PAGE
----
What’s interfered with my studies in the past?

When I was thinking about joining up with this class again, I asked myself this question. I don’t want to waste anybody’s time or money, so it’s important to understand what barriers I encountered in the past so that I might avoid them in the present. Ultimately, I think my past failures were due to two things. First, I have just been too overloaded with other work. And by work, I don’t just mean patients and running the clinic, but also significant efforts in my personal & family life, as well as work on side businesses. ALL of those items have become less intense in recent months, and that reduction looks permanent.

The other reason is a bit more complicated, and personal. In short, I’ve needed to do some important psychological and spiritual work this last couple of years. One major effect of these efforts has been the liberation of a great deal of energy, attention & enthusiasm. I had been quite weighed down by a number of things, and while the work will always be ongoing, I find myself with more capacity than I’ve felt for many years.

How am I approaching my studies?

As I said, I’m starting the first course of the Triple Crown program with Sabine Wilms. I’m also a member of her Imperial Tutor membership group, which gives access to interesting cultural and historical information, as well as plenty of opportunities to learn more about classical Chinese language. This course runs 13 weeks, and has a pretty significant homework component. There are students from all over the world and of all kinds of backgrounds and experience levels. One of the real joys of remote learning!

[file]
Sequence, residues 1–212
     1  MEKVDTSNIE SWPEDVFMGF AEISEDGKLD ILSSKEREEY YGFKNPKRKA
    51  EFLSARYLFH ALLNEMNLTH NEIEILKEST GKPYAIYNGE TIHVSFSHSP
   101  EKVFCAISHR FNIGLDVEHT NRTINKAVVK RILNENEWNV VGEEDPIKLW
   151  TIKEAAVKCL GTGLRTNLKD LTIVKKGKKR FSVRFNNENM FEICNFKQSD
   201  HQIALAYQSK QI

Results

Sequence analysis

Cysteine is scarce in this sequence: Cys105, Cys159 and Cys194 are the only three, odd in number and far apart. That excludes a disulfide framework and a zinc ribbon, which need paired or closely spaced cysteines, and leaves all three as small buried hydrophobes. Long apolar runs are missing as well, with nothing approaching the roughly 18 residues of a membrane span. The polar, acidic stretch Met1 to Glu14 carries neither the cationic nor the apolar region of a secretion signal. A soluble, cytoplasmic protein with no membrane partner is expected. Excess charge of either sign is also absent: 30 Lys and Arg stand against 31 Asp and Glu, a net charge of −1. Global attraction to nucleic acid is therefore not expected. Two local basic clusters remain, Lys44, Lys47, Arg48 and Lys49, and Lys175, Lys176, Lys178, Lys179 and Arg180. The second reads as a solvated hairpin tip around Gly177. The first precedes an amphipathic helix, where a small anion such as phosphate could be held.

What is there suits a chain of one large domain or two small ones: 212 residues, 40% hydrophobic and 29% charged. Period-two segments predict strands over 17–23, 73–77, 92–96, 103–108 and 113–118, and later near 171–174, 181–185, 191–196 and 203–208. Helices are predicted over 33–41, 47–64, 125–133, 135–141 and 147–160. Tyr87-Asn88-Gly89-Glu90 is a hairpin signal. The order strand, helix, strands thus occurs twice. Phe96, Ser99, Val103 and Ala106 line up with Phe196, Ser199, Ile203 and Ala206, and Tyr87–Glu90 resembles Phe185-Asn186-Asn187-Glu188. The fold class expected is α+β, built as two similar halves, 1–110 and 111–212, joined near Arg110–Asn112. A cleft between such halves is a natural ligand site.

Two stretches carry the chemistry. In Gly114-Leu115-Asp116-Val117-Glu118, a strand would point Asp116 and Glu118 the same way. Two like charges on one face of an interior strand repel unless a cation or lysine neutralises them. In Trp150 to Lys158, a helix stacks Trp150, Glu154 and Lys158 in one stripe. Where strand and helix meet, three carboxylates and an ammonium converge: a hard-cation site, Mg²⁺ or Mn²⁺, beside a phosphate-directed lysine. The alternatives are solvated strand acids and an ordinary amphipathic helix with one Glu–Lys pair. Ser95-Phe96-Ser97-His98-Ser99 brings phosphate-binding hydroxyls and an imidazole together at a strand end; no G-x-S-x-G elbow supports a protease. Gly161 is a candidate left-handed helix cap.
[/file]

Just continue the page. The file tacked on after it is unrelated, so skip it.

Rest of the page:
Sabine gives us pretty strong structures to work with, but of course I have to adapt them to my schedule and working style. I’m doing the majority of my homework from Friday to Sunday, using the other days to memorize characters with my flashcards and read supplemental materials and the online forum associated with the course. My goal is to engage with that weeks’ vocabulary & passage(s) daily.

I’m using a lot of tools and support materials to help me, including:

  • Pleco dictionary with all the awesome add-ons, an incredibly powerful dictionary in my pocket! I do have three paper dictionaries, but they are massive and challenging to use. Pleco is the winner and champion. I do love Wenlin, too, but I find I use Pleco more and more as I go on.
  • Devonthink, my favorite database software. I have a special database devoted to my language studies. As it grows and develops, I’ll share more about it. I keep all of my homework and class materials there, but am also building a database of all the characters, passages and grammar rules I know, interlinking and enriching them as I go.
  • My trusty iPad Pro & Apple Pencil. While it’s important to me to do handwriting with ink and paper during my studies, I also enjoy what the digital tools bring. Using programs like Zenbrush and PDFExpert, I’m able to freehand characters or use digital character practice sheets, infinitely erasing & reusing them. The combination works.
  • The text for the class is Classical Chinese for Everyone : A Guide for Absolute Beginners, by Van Norden. I also have a number of books about Chinese calligraphy, characters and grammar, which I consult when Van Norden & Sabine aren’t quite getting me to full understanding.

We’re just in the first week, but I’m already feeling more on top of it than I’ve ever felt studying any language. What a difference a couple of years of intensive self-care makes!